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In one dimension -

How can one prove that the Hammiltonian and the parity operator commute in the case where the potential is symmetric (an even function)?

i.e. that [H, P] = 0 for V(x)=V(-x)

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2 Answers 2

up vote 3 down vote accepted

You prove the equality of operators by applying them to a function, we have

$$ H = - \frac{\hbar^2}{2 m} \frac{d^2}{dx^2} + V(x) $$ Ergo: $$ HP f(x) = H f(-x) = (- \frac{\hbar^2}{2 m} \frac{d^2}{dx^2} + V(x)) f(-x) = - \frac{\hbar^2}{2 m} f''(-x) + V(x) f(-x) $$ and $$ PH f(x) = P (- \frac{\hbar^2}{2 m} \frac{d^2}{dx^2} + V(x)) f(x) = P (- \frac{\hbar^2}{2 m} f''(x)) + P (V(x) f(x)) ... $$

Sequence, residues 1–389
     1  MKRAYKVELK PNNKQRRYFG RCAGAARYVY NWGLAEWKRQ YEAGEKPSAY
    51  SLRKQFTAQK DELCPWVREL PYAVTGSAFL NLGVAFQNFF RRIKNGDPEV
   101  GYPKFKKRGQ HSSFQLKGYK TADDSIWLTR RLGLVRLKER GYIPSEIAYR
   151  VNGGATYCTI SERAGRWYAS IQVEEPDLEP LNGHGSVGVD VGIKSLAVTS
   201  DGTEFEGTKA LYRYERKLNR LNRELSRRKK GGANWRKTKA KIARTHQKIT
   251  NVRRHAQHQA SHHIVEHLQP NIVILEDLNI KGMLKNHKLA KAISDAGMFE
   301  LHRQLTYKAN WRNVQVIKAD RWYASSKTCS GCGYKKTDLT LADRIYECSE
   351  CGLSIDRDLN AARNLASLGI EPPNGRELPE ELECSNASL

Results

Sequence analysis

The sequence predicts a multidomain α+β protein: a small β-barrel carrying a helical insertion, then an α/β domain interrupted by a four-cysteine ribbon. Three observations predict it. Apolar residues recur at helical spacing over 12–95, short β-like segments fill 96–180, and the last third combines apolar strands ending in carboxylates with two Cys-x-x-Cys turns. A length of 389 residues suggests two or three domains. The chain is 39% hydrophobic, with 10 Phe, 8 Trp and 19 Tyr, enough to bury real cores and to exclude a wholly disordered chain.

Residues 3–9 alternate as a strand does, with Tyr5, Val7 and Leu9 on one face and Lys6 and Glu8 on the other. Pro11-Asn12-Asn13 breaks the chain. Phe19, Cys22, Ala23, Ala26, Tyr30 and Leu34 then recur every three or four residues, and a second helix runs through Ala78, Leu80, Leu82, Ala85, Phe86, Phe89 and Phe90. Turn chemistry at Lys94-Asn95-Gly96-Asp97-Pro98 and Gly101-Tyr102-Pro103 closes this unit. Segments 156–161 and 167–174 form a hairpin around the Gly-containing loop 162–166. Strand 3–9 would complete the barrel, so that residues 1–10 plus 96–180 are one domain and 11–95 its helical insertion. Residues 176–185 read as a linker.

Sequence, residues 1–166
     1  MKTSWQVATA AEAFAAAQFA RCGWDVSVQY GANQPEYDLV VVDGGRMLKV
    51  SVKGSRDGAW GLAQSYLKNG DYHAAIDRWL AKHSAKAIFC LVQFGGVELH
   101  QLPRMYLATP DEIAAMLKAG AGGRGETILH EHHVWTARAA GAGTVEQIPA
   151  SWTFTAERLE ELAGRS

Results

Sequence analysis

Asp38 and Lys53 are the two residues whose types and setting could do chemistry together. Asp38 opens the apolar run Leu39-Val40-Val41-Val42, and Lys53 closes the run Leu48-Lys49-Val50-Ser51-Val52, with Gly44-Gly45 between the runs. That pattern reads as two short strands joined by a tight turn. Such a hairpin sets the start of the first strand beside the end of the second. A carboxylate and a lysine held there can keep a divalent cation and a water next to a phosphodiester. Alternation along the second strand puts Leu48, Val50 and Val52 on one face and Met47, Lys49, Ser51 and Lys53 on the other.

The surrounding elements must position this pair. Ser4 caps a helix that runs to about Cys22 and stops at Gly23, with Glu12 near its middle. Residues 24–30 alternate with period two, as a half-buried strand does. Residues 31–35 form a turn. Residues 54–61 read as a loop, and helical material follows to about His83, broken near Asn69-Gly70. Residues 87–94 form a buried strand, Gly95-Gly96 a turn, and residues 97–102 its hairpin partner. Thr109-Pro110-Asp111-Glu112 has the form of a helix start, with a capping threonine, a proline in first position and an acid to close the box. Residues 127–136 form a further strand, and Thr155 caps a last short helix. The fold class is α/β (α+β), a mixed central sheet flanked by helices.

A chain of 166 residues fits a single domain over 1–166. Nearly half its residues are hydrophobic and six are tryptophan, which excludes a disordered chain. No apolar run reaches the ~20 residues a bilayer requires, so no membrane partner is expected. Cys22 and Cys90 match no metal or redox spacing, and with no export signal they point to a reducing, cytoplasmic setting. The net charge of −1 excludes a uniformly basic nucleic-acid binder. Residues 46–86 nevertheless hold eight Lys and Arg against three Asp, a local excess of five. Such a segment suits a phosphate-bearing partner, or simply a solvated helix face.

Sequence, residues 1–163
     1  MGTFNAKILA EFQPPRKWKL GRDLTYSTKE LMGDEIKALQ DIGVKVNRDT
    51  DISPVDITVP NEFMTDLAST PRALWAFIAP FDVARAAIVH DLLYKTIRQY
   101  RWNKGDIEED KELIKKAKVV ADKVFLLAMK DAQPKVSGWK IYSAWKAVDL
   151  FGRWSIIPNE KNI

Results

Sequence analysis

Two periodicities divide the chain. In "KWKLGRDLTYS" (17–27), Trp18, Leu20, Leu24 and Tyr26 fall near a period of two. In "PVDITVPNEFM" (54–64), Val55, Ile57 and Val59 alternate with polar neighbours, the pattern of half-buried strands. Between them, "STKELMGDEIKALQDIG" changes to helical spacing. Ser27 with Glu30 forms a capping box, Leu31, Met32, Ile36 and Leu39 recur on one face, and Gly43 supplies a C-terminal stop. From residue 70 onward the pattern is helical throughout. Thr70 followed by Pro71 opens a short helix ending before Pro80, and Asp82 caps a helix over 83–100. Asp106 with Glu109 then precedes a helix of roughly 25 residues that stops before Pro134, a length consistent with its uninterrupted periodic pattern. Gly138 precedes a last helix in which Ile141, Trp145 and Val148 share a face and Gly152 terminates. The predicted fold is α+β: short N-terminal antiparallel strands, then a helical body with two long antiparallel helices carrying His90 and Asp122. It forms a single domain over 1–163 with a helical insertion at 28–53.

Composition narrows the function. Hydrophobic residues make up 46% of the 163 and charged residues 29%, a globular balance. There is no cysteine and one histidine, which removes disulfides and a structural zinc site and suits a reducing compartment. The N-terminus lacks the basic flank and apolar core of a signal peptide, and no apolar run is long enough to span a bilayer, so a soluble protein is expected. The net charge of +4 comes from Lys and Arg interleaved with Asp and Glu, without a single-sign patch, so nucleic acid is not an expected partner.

$$ ... = - \frac{\hbar^2}{2 m} f''(-x) + V(-x) f(-x) $$ When you use $$ V(-x) = V(x) $$ you see that both expressions are equal.

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$$[P,H]f(x)=(PH-Hp)f(x)$$ But $$H=P^2/2m+E(x)$$ $$ =PE(x)-Hf(x)$$ $$ =E(-x)-E(-x)$$ $$ =0 $$

The parity operator therefore commutes with Hamiltonian.

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Is there a conflation of parity operators and momentum operators? The germ of truth is very powerful with this proof, but the lack of clarity makes it un-decipherable. –  user121330 Oct 28 '14 at 18:10

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